Ferrari introduced a new concept for its car in Singapore, and Sebastian Vettel went on to dominate the weekend. Giorgio Piola looks at a tweak that could transform the championship battle.
Sebastian Vettel's domination of the Singapore Grand Prix was text book stuff, and the manner of his latest Formula 1 win was so typical of the style we got used to when he was at Red Bull.
Cleanly away from pole position at the start, Vettel nailed the opening laps to build himself a cushion that he could then manage.
After the first safety car, he had a more conservative approach to look after his tyres early on, but when he decided it was time to push he swiftly pulled well clear.
What both those breakaways show – plus his margin in qualifying – is that Vettel has supreme confidence in his Ferrari. He is able to take it right to the edge and know that it is going to do what he wants it to.
It has long been known that Vettel likes to have a strong rear end performance from his car, for he was the master of the blown diffuser era when exhaust gases were helping power the diffuser.
So interestingly at Singapore, Ferrari introduced a pretty radical floor concept that would have been aimed at ensuring the diffuser was performing to its maximum.
In front of the rear wheels, the usual three-slot set-up that the team has been using all season was replaced with a series of nine slots.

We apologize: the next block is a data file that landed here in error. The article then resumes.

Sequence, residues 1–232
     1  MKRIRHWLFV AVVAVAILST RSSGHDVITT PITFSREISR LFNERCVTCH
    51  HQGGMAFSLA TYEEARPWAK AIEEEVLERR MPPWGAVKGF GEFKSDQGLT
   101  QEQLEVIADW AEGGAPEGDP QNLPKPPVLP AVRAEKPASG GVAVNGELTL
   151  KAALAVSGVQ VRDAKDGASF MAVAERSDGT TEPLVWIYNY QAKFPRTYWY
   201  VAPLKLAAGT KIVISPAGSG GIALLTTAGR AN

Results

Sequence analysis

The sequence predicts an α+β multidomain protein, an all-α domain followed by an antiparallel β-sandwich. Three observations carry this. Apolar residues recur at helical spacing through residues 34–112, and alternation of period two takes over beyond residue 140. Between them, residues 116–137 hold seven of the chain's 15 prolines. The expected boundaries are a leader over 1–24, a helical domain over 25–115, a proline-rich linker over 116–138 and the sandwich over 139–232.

It is the first time any team has gone as far as this, and is clear evidence that the team is willing to try new things in the quest for performance.
The aim of these slots is to direct air to the area just inside the rear tyre and offset the phenomenon known as 'tyre squirt' – whereby air spills off the revolving wheel and upsets the airflow (and performance) of the diffuser.
More confidence that the diffuser is not going to stall also appears to have allowed Ferrari to run more rake, and therefore crucially get the T-tray and front wing as close to the ground as possible for more aerodynamic benefit.
This was a car characteristic so common during Vettel's Red Bull glory years too.
The floor was not the only update that Ferrari introduced, for there were also new fins that appeared on the rear crash structure – similar to what Mercedes has been running.
Also worth noting is that, after the two low-downforce races in Belgium and Italy, Ferrari went back to the bodywork specification it had been running prior to that.
This update, introduced at the Spanish Grand Prix, is better suited to high downforce events, and was last used when Ferrari dominated in Hungary.
While Mercedes' struggles and Ferrari's dominance may have been viewed as a one-off, it will be fascinating to see how their form stacks up in Japan this weekend.
Has the floor update transformed the handling, and Vettel's confidence in the car, to really take the challenge to the Silver Arrows?